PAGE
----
Seed predation by insects is common in seeds of Fabaceae (legume) species with physical dormancy (PY). However, the consequences of insect seed predation on the life history of legumes with PY have been little studied. In the largest genus of seed plants, Astragalus (Fabaceae), only one study has tested the effects of insect predation on germination, and none has tested it directly on seedling survival. Thus, we tested the effects of insect predation on seed germination and seedling growth and survival of Astragalus lehmannianus, a central Asian sand-desert endemic. Under laboratory conditions, seeds lightly predated in the natural habitat of this perennial legume germinated to a much higher percentage than intact seeds, and seedlings from predated and nonpredated seeds survived and grew about equally well. Further, in contrast to our prediction seedlings from predated seeds that germinated "out-of-season" under near-natural conditions in NW China survived over winter. The implication of our results is that individual plants from predated seeds that germinate early (in our case autumn) potentially have a fitness advantage over those from nonpredated seeds, which delay germination until spring of a subsequent year.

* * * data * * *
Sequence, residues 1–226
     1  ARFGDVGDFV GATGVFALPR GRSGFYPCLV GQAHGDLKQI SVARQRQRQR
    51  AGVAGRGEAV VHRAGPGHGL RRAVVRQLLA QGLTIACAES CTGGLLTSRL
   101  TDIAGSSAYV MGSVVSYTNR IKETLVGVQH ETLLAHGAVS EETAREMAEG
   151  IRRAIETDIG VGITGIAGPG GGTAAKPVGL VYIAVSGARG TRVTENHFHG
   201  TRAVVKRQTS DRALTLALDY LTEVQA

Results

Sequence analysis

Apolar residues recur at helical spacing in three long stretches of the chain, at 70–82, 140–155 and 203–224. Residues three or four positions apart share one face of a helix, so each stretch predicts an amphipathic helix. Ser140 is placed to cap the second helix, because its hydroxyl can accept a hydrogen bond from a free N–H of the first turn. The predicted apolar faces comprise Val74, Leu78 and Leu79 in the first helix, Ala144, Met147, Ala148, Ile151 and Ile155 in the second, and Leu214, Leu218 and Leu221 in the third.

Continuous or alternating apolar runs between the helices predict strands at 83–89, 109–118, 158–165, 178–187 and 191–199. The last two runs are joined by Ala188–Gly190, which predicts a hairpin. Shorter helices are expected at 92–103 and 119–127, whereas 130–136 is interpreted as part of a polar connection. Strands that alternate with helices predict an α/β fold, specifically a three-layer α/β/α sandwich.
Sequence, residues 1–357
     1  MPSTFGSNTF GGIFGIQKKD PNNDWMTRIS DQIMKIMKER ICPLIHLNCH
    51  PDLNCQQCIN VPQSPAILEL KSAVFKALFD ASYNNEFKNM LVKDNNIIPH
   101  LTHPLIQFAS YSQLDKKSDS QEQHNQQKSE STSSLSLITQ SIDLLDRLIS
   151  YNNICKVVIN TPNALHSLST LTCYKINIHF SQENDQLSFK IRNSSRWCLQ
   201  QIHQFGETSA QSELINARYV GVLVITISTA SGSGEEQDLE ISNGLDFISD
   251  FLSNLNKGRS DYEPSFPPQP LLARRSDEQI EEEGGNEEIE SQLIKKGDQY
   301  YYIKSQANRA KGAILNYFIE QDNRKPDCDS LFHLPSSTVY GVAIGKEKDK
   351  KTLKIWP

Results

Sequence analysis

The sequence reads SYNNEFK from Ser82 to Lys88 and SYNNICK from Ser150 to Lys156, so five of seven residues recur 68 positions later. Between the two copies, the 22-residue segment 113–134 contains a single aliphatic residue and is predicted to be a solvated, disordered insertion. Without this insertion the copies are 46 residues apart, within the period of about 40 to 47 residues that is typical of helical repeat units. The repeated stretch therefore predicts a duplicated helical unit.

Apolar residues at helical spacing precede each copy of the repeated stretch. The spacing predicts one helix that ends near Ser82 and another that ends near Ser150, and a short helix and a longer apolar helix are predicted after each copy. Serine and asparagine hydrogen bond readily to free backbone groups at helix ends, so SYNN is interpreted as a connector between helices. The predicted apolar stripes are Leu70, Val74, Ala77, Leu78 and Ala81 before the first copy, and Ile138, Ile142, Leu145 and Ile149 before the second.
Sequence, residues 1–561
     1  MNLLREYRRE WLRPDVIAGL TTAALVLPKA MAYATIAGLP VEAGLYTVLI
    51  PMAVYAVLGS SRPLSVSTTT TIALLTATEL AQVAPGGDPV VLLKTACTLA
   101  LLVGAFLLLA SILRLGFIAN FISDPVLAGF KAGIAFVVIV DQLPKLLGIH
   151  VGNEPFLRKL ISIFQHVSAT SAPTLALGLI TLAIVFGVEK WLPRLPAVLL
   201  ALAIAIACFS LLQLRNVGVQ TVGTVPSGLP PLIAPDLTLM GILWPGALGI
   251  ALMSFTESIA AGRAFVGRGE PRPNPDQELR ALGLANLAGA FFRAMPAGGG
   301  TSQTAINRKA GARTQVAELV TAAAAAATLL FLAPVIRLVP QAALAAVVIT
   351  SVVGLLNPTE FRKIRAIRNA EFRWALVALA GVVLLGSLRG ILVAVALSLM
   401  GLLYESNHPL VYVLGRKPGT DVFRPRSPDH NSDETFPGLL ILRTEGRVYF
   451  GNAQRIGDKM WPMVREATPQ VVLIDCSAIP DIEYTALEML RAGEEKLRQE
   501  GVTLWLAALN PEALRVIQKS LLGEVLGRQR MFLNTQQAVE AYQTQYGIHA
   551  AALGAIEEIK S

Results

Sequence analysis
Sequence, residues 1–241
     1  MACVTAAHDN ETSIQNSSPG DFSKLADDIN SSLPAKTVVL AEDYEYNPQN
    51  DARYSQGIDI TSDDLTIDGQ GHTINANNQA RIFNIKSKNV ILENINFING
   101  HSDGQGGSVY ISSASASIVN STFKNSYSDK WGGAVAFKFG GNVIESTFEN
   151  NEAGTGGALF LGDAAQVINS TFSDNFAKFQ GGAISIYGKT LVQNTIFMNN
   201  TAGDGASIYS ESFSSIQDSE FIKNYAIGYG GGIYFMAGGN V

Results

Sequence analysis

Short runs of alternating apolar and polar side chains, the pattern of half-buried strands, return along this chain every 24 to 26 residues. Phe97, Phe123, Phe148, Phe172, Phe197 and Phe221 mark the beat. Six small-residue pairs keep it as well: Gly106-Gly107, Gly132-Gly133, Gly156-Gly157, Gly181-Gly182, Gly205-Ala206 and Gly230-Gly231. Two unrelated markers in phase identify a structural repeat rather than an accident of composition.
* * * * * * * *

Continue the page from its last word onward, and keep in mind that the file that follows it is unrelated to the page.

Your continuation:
|State||Published - Dec 1 2018|
Bibliographical noteFunding Information:
The authors thank Juanjuan Lu and Junhui Cheng for help with data analysis. This study was supported in part by the National Natural Science Foundation of China (31470320, U1603231) and by the Major National Scientific Research Program of China (2014CB954202).
© 2018 The Author(s).
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